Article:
Warning: Logic and internal consistency may not exist in the following. I'm OK with that.
So on to more complicated issues.
Is there an afterlife? I don't know. I like to think that there is something but it isn't like what, I think, people usually think of. I don't really have any firm beliefs on what heaven is, mostly what it isn't. I don't believe it's like this life only without bad stuff. I don't believe you can earn heaven or wings or stars for your crown by trying for it. God gives us forgiveness and grace, we can't earn it. If you get stars, they are for the little kindnesses that you do without thinking and just to be nice. I don't think anyone is condemned to Hell forever, or if it exists. I've never understood how God could pick some people and not others. I am not personally ready to go to heaven and meet Hitler but I believe he may be there.
Salvation and grace are gifts. I think some times we are not ready to accept them but God still gives them to us. I may officially be Presbyterian but I'm not sure having water sprinkled on you means you are going to heaven. Baptism is a symbol of your, or your parent's, faith and desire to live a good life, but not a get out of hell free pass.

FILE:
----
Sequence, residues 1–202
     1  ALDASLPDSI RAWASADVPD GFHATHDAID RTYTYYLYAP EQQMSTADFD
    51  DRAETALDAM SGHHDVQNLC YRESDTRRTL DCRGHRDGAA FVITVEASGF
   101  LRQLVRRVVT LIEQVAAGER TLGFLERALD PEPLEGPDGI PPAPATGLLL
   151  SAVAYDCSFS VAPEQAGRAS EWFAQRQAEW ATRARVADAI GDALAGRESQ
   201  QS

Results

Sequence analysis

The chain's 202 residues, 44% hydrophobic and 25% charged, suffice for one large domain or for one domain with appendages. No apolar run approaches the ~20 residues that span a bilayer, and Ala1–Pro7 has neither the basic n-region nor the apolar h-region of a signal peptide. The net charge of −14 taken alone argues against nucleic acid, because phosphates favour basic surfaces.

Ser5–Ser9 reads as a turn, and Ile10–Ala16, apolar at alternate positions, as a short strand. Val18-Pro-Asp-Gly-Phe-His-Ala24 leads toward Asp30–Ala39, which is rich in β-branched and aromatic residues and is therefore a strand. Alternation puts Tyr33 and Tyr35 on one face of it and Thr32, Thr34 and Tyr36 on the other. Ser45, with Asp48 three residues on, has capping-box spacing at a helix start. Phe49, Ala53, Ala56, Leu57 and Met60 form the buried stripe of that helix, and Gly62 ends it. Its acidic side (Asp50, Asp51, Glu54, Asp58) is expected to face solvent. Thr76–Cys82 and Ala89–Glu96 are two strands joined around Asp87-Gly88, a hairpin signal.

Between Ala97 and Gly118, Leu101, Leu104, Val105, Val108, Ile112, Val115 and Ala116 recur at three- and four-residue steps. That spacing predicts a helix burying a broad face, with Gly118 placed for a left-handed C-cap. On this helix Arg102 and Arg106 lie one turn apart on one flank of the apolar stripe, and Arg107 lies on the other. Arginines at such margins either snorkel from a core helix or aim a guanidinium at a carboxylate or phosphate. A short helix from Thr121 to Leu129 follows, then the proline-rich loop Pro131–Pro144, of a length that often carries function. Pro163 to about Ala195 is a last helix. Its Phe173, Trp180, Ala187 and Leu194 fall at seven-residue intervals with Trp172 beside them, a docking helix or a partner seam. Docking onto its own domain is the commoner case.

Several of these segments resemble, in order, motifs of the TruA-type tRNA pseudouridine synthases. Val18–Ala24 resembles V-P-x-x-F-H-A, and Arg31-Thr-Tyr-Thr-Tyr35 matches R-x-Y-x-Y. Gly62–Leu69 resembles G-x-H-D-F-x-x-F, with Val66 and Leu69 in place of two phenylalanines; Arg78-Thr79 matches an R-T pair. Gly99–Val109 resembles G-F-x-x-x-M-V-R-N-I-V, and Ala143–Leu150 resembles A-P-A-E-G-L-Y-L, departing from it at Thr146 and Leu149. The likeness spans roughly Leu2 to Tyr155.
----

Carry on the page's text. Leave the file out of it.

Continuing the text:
I think we should try to live Christ-like lives. As recorded in the Bible, he was a really good dude. He taught some really good values and LIVED them, too. He was fairly consistent with his story. It all boiled down to the commandment he gave to his followers: Love one another as I have loved you. Not that that is an easy thing to do. Loving and respecting everyone you meet (and don't) for who they are warts and all is HARD. Jesus knew it, too. He knew that we wouldn't be perfect but wants us to try. He also wants us to take the two greatest commandments of the Old Testament (Lev. 19:18 and Deu.6:4-6) and step out of the box.
I think, from my readings, that a lot of the Old Testament rules and regulations were directed to specific people. Like the reason everything was a capital offense is because a semi-nomadic/subsistence farming population can't afford jails. (There was a fairly high standard for applying the death penalty, too. But that's another topic, another post.) Prohibition of pork and seafood makes sense when food preparation was iffy (e.g. several pig parasites can infect humans); separation of meat and dairy, again, makes sense when living in biblical times. They don't make sense now except for religious reasons. Jesus' teachings tend to be more universal - don't judge, everyone is your neighbor, what comes out of your mouth is more important than what you put in it, love. (to name a few) These things apply across time. They also don't lend themselves to legalistic enforcement. At the time Jesus lived the Pharisees went around saying how they followed all the Mosaic laws and, gee, weren't they good Jews. They claimed to follow the letter of the law but didn't follow the spirit of the laws. Jesus was rebelling against that. We all should.
(Almost done, one more post should cover it all.)